Overuse Injury Medication

Updated: Jul 31, 2017
  • Author: Scott R Laker, MD; Chief Editor: Consuelo T Lorenzo, MD  more...
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Medication

Medication Summary

Injection of involved structures with combinations of corticosteroids and local anesthetics frequently is quite helpful in persons with overuse injury. Pain relief enables more effective participation in therapy, and it may help to limit the likelihood that the patient will develop a chronic pain syndrome. In most cases, injections should be performed after less invasive measures fail. Rarely, immediate relief of pain may be necessary to allow participation in an athletic or performing arts event, and this can be achieved through injection therapy. Techniques for the injection of specific structures are described in more specific articles in the Medscape Reference Journal (eg, see the related Medscape Reference topic Corticosteroid Injections of Joints and Soft Tissues).

Nonsteroidal anti-inflammatory drugs (NSAIDs) are mainstays in the treatment of overuse injuries. However, considerable evidence has been revealed that true inflammation is rarely a component of these disorders, especially tendinopathies. Consequently, the use of simple analgesics has become more prevalent in the treatment of such disorders.

Muscle relaxants, opiates, corticosteroids, tricyclic antidepressants, and sleep medications have a role in the tailored treatment of individuals with overuse injury.

The related Medscape Reference topic Chronic Pain Syndrome may also be of interest.

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Corticosteroids

Class Summary

Have anti-inflammatory properties and cause profound and varied metabolic effects. Used for pain relief and reduction of inflammation.

Cortisone (Cortone)

Reduces inflammation. Decreases inflammation by suppressing migration of PMN leukocytes and reversing increased capillary permeability.

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Nonsteroidal anti-inflammatory drugs

Class Summary

Most commonly used for relief of mild to moderate pain. Effects in treatment of pain tend to be patient-specific.

Diclofenac (Voltaren, Cataflam)

Used to reduce inflammation; inhibits prostaglandin synthesis by decreasing activity of COX enzyme, which, in turn, decreases formation of prostaglandin precursors.

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Muscle relaxants

Class Summary

Thought to work centrally by suppressing conduction in the vestibular cerebellar pathways. May have an inhibitory effect on the parasympathetic nervous system.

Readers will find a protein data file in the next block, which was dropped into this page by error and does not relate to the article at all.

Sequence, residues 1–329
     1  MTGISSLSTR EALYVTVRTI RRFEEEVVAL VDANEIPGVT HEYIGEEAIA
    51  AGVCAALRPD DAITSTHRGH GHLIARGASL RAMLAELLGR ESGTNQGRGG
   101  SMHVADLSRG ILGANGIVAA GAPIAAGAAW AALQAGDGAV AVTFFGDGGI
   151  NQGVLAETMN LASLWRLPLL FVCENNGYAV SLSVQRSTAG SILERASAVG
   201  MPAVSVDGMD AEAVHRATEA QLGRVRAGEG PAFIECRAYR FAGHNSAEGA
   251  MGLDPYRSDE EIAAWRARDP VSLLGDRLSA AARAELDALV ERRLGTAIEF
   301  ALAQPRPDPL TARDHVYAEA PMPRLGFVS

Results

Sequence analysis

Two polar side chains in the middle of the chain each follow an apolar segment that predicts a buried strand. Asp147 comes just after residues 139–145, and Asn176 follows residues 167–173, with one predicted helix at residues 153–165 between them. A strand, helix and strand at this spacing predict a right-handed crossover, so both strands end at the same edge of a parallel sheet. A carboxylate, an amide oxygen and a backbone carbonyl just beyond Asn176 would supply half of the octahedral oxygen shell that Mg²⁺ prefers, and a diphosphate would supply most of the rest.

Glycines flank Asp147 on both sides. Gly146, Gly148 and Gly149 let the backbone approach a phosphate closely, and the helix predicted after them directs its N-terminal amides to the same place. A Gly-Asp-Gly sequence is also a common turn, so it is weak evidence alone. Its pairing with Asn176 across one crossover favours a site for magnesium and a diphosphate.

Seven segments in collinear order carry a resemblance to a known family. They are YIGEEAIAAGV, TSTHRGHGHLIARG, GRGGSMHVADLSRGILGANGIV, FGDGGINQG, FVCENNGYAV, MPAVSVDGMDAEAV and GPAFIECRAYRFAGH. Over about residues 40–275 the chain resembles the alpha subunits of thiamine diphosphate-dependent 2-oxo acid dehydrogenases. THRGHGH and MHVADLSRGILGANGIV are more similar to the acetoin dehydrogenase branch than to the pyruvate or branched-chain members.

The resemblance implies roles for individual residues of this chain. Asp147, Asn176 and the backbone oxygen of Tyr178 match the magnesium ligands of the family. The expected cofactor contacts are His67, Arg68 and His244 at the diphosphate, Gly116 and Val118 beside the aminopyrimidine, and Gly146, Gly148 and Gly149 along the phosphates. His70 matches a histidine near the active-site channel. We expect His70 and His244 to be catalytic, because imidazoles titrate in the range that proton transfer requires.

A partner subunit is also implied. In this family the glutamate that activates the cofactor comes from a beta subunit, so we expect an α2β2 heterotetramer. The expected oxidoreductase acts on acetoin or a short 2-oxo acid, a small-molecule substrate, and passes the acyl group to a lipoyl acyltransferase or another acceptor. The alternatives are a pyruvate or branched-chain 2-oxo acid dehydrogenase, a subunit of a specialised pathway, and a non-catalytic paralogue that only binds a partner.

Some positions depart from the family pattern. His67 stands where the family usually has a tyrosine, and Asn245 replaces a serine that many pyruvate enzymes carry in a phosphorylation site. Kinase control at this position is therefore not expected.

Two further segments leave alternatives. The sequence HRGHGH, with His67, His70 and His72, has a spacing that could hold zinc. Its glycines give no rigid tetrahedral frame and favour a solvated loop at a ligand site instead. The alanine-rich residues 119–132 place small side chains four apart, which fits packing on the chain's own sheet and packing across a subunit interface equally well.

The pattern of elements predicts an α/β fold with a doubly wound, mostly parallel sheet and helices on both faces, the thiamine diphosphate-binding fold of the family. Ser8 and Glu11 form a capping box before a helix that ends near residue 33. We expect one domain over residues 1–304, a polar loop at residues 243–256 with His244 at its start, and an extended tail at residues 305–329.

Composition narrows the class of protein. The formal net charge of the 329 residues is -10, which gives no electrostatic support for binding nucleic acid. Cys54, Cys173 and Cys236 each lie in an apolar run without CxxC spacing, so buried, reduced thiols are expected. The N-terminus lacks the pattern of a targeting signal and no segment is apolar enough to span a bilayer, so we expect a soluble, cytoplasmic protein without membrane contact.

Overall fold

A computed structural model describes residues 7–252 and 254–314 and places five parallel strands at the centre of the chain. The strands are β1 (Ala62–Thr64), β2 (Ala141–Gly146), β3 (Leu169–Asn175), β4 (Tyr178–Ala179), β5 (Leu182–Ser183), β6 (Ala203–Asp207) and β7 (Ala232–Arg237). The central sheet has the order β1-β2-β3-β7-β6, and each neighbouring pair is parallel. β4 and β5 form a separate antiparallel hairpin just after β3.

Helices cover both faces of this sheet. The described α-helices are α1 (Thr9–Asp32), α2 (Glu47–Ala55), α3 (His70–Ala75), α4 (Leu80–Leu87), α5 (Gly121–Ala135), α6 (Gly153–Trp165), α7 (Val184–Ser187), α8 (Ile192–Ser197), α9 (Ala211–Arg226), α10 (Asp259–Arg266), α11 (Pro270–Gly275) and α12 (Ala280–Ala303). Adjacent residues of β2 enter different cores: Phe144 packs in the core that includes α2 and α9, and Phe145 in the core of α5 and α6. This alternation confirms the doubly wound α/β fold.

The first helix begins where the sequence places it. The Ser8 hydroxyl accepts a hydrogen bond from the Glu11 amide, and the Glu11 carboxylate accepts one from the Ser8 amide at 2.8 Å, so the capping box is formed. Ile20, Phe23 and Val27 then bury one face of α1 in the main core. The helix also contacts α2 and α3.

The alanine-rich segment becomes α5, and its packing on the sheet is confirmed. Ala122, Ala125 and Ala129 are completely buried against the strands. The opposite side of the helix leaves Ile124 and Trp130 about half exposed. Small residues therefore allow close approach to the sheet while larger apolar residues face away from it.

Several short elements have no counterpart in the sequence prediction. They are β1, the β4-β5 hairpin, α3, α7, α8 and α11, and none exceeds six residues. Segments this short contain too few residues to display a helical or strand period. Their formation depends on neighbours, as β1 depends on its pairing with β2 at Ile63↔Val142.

Cyclobenzaprine (Flexeril)

Acts centrally and reduces motor activity of tonic somatic origins, influencing alpha and gamma motor neurons. Structurally related to TCAs. Skeletal muscle relaxants have modest, short-term benefit as adjunctive therapy for nociceptive pain associated with muscle strains and, used intermittently, for diffuse and certain regional chronic pain syndromes. Long-term improvement over placebo has not been established. Often produces a "hangover" effect, which can be minimized by taking the nighttime dose 2-3 h before going to sleep.

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Narcotic analgesics

Class Summary

Pain control is essential to quality patient care. It ensures patient comfort, promotes pulmonary toilet, and enables physical therapy regimens. Many analgesics have sedating properties, which are beneficial for patients who have sustained injuries.

Hydrocodone and acetaminophen (Vicodin, Vicodin ES, Lorcet-HD, Norcet, Lortab)

Drug combination indicated for moderate to severe pain.

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Tricyclic antidepressants

Class Summary

Used in the treatment of overuse injury, not for their antidepressant effects but as adjunct pain medications. Act synergistically with narcotic analgesics and appear to alter brainstem pain processing. Their sedating effects also may be used advantageously if the patient's sleep is disrupted.

Amitriptyline (Elavil)

Analgesic for certain chronic and neuropathic pain.

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Anxiolytic agents

Class Summary

Sleep-inducing medications are used in overuse injury when the patient's sleep is disrupted because of discomfort from the injury.

Zolpidem (Ambien)

Structurally dissimilar to benzodiazepine but similar in activity, with exception of having reduced effects on skeletal muscle and seizure threshold.

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